She alerted me (early and often) as soon as a child went under water at the pool (she ran circles around the pool deck until they re-emerged, laughing, and telling her they were okay). She herded them back toward the center of the yard when they attempted to go AWOL, toward the swamp to catch frogs (I would know this because the kids would loudly complain and tell her ‘no’ along with calling – loudly – “MOM!”). And she loudly and, if necessary, forcibly removed any and all trespassing dogs, cats, squirrels, chipmunks, and the occasional peacock (not kidding) from our yard. She was a great dog, close to perfection. Sure, the beeping of a fire alarm with a low battery would send her into nervous whining that she could not stop until we silenced it. And she would take any shot at getting the cats to play chase when she could. But she was my right hand and constant companion. And when she developed an aggressive form of carcinoma at the age of eleven and was too far along for anything but palliative care, we brought her home and fed her steak and loved her. It was time to help her go the night before Thanksgiving 2010, and it broke my heart.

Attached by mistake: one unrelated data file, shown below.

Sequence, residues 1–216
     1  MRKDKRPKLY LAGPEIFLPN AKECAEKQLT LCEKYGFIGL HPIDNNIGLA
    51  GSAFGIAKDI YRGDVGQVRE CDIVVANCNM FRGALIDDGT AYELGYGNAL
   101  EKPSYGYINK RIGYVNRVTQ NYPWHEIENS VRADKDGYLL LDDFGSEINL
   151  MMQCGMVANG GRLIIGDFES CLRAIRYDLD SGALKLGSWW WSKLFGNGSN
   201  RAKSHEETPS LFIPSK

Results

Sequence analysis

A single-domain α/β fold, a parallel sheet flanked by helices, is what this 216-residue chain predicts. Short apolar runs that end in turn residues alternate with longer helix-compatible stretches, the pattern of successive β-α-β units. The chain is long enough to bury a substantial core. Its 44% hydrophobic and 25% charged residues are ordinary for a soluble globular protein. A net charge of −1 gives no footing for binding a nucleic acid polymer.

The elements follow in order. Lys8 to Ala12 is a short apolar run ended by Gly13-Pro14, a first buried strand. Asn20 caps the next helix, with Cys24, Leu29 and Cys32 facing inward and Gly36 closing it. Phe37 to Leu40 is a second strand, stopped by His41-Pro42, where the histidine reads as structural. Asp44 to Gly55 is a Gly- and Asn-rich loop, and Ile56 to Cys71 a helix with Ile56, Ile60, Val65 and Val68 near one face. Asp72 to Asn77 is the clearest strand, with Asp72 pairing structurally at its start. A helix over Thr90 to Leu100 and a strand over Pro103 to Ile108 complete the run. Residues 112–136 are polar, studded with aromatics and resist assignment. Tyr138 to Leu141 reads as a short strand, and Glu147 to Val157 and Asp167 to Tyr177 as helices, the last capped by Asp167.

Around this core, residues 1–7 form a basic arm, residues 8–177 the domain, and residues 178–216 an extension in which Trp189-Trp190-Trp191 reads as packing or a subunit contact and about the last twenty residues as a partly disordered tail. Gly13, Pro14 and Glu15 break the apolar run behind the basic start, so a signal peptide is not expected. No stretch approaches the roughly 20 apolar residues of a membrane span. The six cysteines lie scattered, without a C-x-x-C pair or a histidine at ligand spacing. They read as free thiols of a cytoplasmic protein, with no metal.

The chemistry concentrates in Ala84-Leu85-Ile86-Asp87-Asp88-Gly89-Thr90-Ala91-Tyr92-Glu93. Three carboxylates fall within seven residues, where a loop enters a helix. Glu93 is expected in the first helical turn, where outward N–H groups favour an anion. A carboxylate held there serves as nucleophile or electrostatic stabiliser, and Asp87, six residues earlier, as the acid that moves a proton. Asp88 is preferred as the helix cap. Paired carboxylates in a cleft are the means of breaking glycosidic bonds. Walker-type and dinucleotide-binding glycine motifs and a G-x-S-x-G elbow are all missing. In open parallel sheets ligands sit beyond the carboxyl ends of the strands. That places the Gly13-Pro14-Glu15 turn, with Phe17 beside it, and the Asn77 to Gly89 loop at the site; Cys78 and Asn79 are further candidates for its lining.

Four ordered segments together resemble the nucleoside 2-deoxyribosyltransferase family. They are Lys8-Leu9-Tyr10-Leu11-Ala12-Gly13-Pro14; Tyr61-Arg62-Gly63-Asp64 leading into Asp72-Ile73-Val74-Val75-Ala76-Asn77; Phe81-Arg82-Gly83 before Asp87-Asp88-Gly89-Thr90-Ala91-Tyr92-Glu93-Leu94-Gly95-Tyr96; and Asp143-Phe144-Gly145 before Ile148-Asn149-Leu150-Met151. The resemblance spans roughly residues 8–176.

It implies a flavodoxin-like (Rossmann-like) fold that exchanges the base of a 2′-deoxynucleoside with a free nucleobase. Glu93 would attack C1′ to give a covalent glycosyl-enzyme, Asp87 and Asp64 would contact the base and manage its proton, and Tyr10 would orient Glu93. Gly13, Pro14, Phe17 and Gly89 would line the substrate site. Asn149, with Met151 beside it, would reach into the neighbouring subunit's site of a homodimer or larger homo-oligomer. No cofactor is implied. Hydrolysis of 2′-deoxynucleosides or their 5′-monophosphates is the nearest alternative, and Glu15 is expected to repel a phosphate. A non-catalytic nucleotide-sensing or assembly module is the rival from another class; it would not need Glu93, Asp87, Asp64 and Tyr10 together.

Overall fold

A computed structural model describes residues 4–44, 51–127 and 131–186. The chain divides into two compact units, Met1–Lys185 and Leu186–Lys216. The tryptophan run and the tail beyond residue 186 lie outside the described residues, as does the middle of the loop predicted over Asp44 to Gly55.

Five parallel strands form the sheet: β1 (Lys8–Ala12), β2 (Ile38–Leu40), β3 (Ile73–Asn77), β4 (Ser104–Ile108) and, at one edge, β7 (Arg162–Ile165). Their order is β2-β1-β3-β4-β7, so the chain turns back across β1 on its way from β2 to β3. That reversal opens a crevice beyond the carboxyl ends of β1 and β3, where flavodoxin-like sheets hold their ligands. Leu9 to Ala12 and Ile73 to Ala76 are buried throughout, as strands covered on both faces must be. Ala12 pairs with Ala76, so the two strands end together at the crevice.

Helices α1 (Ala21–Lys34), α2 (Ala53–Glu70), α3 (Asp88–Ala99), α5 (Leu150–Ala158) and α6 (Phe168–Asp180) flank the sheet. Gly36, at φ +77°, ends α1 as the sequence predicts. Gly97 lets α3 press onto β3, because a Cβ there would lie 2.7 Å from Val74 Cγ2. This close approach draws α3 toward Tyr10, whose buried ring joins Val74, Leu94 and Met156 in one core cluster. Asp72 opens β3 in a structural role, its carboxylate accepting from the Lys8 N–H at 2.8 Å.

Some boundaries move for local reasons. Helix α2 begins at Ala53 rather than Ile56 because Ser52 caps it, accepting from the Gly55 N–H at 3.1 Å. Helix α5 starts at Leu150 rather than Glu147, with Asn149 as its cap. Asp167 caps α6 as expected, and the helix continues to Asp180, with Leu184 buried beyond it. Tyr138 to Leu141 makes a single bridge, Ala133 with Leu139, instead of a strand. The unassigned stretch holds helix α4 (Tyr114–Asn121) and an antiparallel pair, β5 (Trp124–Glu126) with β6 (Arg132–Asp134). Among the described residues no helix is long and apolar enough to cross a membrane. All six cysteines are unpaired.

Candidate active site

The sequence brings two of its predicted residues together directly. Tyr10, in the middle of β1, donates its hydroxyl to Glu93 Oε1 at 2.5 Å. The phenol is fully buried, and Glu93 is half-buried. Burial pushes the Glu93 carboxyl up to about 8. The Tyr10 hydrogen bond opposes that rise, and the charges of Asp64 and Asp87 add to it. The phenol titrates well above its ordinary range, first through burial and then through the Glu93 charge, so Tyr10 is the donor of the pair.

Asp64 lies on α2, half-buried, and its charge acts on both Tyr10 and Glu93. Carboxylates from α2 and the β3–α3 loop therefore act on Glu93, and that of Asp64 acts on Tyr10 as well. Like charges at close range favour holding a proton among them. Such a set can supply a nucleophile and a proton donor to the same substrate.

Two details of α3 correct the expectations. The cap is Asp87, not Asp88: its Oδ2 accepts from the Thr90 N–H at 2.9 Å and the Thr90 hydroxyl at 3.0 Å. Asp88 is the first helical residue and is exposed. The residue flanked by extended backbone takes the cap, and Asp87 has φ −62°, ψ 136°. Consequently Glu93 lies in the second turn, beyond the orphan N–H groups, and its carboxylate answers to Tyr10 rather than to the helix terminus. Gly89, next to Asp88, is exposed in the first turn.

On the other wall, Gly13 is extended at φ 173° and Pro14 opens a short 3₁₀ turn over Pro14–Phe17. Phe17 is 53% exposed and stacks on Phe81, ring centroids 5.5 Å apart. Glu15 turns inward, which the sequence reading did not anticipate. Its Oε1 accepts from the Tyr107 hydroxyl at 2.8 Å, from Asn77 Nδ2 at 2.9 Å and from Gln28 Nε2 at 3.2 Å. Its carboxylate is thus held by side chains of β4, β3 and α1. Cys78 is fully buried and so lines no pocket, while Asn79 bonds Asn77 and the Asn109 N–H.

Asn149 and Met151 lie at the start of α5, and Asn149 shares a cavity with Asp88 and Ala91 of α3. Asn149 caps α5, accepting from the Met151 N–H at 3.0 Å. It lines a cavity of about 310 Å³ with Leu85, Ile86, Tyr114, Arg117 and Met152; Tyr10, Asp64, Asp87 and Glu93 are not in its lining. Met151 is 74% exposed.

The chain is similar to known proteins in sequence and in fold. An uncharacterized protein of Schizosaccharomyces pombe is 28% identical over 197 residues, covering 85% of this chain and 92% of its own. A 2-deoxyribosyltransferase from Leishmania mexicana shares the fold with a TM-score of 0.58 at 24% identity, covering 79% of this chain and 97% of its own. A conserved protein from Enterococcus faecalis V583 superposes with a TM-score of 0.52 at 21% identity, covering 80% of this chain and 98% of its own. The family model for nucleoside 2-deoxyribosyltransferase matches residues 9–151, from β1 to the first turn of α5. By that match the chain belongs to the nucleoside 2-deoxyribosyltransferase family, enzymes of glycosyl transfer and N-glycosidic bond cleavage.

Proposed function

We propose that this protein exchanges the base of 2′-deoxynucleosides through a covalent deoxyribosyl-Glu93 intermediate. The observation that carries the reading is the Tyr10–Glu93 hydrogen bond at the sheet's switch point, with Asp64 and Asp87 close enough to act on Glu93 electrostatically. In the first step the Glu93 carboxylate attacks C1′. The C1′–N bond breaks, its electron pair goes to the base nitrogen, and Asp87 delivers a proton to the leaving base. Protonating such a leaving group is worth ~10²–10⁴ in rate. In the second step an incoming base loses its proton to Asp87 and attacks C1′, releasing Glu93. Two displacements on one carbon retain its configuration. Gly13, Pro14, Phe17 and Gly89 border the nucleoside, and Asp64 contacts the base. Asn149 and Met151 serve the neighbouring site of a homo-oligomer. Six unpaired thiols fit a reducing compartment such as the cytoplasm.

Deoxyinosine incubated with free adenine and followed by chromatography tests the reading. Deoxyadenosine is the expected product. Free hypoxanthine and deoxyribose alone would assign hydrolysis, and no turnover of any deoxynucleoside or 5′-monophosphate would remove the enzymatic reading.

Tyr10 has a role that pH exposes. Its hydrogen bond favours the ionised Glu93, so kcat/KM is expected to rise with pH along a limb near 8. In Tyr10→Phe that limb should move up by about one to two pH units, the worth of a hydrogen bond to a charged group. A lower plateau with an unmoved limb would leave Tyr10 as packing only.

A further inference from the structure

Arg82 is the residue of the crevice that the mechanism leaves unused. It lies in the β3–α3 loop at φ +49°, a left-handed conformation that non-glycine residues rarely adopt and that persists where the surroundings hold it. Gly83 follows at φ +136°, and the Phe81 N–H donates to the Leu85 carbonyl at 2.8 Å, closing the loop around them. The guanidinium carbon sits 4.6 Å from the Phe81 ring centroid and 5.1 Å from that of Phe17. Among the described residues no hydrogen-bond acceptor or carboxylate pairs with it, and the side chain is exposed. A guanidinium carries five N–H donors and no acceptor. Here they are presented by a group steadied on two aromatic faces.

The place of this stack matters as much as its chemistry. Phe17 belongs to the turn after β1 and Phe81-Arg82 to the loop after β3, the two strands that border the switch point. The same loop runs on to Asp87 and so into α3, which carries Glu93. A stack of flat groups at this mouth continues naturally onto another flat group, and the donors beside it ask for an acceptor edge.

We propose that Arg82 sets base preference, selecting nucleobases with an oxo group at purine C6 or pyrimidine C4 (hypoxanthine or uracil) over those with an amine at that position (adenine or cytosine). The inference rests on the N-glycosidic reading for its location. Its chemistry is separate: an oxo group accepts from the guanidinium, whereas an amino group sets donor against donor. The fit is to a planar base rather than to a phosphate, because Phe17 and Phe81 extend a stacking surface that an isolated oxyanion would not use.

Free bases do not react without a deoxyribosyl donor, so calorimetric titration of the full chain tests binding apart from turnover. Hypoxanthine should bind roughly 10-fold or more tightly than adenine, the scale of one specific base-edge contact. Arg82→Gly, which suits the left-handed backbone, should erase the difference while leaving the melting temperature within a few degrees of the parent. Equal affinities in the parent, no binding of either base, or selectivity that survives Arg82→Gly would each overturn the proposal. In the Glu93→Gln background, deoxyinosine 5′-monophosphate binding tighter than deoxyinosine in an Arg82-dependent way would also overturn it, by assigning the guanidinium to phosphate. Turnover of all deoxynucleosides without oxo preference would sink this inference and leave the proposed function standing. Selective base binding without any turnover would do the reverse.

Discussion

But now it is nearly three years later. Other dogs, each with a great name, have joined our family. But I will never be able to hide the smile when I think of that pretty fall day when my kids got off of a yellow school bus at the end of my driveway, and threw their arms around an unsure dog named Bria, who was transformed, that very night, into their friend, and guide, and certain protector. A dog called Ripley. From Aliens.
Because you can’t name a girl dog Arnold Schwartzenegger.
Thanks for readin’.